WASHINGTON -- Former President Barack Obama on Thursday rallied at the side of his former ambassador to Germany, who is running for governor in New Jersey, and called on the crowd of Democrats to reject politics of "division" and "fear."
Obama did not mention Republican President Donald Trump in his speech while standing next to Democratic nominee Phil Murphy, but he told the crowd at a Newark hotel that "you can send a message to the country and you will send a message to the world that we are rejecting a politics of division. We are rejecting a politics of fear."
"Some of the politics we see now we thought we put that to bed," Obama said. "That's folks looking 50 years back. It's the 21st century, not the 19th century."
The event for Murphy marked the first time the former president stepped back into the political spotlight since leaving the White House in January. He was scheduled to appear in Virginia later Thursday to rally support for Democrat Ralph Northam in his gubernatorial campaign against Republican Ed Gillespie.
Both Virginia Gov. Terry McAuliffe, a Democrat, and New Jersey Gov. Chris Christie, a Republican, are term-limited. Those Nov. 7 races will be considered a bellwether of Democrats' strength in the face of Trump's victory last year.
Murphy is running against Christie's lieutenant governor, Republican Kim Guadagno.
Diane Coleman, 70, of Jersey City, was among the first wave of people let into the room where Obama was to speak. The Democrat, who oversees real estate records for one of the state's largest counties, said she voted for Obama twice and would vote for him a third time if he could run again. She emphasized that speaking negatively about Trump could alienate some voters.
"This is a great opportunity to see my president," she said. "I don't want to say anything bad about Donald Trump."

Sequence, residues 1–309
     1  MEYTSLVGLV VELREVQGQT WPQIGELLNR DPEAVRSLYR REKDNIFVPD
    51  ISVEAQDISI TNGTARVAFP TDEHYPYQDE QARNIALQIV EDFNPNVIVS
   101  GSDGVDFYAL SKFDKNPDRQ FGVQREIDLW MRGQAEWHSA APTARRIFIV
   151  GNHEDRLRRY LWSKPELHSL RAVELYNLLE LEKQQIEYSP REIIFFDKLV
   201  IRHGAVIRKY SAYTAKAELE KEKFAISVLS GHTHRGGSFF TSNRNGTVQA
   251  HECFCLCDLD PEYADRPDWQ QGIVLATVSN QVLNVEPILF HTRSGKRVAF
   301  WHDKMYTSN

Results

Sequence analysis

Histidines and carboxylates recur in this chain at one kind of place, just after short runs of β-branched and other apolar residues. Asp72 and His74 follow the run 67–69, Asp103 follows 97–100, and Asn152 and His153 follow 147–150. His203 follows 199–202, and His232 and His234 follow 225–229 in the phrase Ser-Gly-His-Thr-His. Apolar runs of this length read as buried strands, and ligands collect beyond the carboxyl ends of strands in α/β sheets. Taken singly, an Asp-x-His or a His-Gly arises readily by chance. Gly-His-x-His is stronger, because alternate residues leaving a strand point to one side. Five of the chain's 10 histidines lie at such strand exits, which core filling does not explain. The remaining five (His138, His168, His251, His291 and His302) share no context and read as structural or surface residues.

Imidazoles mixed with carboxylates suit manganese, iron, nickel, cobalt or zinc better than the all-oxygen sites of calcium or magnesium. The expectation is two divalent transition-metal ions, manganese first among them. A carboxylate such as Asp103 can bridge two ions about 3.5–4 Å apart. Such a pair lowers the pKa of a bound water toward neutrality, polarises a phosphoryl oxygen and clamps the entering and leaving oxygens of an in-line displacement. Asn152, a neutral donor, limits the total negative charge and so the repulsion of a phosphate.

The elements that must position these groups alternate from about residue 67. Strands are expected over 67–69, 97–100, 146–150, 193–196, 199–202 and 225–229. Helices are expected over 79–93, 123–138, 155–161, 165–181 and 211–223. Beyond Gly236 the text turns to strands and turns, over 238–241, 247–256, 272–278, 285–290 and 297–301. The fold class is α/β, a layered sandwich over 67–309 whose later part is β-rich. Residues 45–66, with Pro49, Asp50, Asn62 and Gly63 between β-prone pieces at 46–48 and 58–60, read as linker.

Obama's appearance should serve to unify Democrats, who are out of power in the federal government and in most statehouses across the country, experts say.
"I think Obama also is a reminder to Democrats of all stripes - left, center - that there was a time when Trump was not here, sort of the nostalgia of the pre-Trump days," said Seton Hall University associate political science professor Matthew Hale.
Obama's popularity is still undeniable. In an August NBC News/Wall Street Journal poll, 51 percent of Americans said they have a favorable opinion of Obama, while 35 percent had a negative opinion. In the same poll, 36 percent said they had a positive opinion of Trump and 52 percent had a negative opinion.
Obama never completely disappeared from public life, in part because of Trump's constant criticism and efforts to undo much of Obama's legacy after eight years in office. He has publicly defended his policies that Trump and the GOP-led Congress have set out to dismantle: the Affordable Care Act and the Deferred Action for Childhood Arrivals program, or DACA, which allowed immigrants brought into the country illegally as children to be temporarily shielded from deportation.
Obama was forced to return "pretty quickly," presidential historian Julian Zelizer of Princeton University said.
"The current president has changed all the conventional assumptions about what to do," Zelizer said. "There is a sense of urgency that makes this moment different than others and former President Obama has continued to be directly in Trump's line of fire - both his policies and his legacy."
Obama campaigns for Phil Murphy, tells Democrats to reject politics of division, fear